Each heading should represent the content that immediately follows, creating a clear trail of tease to fulfillment as the reader moves down the page. Use headings for paragraphs, not as a heading for each paragraph. Let the heading represent and entire section of content using sub-headings to break up that content even more as necessary. Newspapers and magazines are great at using paragraph headings throughout their stories to maintain reader interest.

Overall, when headings are used properly on the site, you’ll see reader interest and engagement improve. Your content will be more accessible to both the visitor and the search engine and the end result should be greater visibility and conversions. You might not see a jump in search engine rankings just by adding or improving your headings, but you should have a more pleased audience to engage with.


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Stoney G deGeyter

Stoney deGeyter is the author of The Best Damn Web Marketing Checklist, Period!. He is the founder and CEO of Pole Position Marketing, a web presence optimization firm who's pit crew has been velocitizing websites since 1998. In his free time Stoney gets involved in community services and ministries with his bride enjoy and his children. Read Stoney's full bio.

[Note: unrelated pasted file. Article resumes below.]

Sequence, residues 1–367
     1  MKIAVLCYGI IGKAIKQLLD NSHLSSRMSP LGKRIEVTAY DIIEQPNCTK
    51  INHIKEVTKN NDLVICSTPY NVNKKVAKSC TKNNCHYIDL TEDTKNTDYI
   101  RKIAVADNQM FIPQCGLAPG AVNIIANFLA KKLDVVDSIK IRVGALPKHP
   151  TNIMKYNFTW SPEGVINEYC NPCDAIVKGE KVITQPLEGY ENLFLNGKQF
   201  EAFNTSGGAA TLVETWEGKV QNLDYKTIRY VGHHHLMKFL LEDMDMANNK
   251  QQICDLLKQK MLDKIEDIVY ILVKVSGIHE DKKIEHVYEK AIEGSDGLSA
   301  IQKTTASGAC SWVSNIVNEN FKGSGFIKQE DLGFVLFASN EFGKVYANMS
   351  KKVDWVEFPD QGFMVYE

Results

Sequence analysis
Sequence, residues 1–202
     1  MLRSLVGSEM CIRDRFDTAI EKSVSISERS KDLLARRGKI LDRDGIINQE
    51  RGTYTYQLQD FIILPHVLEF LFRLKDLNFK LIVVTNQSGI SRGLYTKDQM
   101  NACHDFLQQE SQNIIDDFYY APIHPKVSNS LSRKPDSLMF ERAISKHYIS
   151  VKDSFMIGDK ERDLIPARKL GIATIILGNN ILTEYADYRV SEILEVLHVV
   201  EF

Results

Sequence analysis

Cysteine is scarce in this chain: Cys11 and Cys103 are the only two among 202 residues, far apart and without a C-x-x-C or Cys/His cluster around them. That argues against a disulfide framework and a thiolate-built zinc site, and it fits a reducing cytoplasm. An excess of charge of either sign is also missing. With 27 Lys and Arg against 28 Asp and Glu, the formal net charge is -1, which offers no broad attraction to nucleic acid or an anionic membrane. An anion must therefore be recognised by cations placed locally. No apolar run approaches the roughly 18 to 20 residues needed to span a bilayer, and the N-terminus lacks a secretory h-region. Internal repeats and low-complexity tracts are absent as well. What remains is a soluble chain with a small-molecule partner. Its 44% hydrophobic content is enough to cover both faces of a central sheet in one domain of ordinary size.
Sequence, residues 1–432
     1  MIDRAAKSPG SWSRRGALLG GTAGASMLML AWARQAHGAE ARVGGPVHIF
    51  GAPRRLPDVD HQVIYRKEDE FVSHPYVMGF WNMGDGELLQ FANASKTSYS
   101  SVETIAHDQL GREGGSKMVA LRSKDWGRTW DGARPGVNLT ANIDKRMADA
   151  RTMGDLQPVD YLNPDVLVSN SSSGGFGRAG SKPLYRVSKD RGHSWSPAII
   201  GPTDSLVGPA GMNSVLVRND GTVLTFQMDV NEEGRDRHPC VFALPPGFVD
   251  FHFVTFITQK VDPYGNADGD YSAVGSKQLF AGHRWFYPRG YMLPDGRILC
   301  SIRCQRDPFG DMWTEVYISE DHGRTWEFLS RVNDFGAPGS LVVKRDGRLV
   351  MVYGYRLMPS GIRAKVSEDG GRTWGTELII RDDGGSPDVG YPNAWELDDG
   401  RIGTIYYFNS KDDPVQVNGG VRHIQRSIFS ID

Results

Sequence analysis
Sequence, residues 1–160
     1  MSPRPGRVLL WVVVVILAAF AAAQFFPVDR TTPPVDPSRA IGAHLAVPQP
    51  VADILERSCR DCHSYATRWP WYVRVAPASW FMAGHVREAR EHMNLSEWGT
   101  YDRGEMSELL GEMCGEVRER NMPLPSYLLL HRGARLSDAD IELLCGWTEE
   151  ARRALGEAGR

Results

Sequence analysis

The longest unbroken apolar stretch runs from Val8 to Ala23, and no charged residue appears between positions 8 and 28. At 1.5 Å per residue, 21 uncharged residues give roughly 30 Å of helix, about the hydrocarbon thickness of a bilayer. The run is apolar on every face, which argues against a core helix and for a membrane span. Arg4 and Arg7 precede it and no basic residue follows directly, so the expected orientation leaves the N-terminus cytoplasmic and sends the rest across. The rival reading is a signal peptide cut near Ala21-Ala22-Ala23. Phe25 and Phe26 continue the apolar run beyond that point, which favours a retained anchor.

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3 Responses to The Complete Guide to Mastering Your Heading Tags

  1. As an avid reader of hundreds of blog posts a month, I can vouch for the importance of heading tags from the consumer side. Given the plethora of information online, there’s got to be a way for me to decide if specific content is worth the time to consume, and after the title that drives my click, the headings are the factor that drives my consumption.

    Hey, this article gives me a great idea. Maybe I should start using H1s and H2s in emails to certain people that are known to skim not just web pages, but everything!

    • I like that idea Mike! #bigidea

      Also, I would say heading tags help the eye to visually break up the content. If text is all crammed together with little to no breaks, I get tired and abandon the post without finishing it.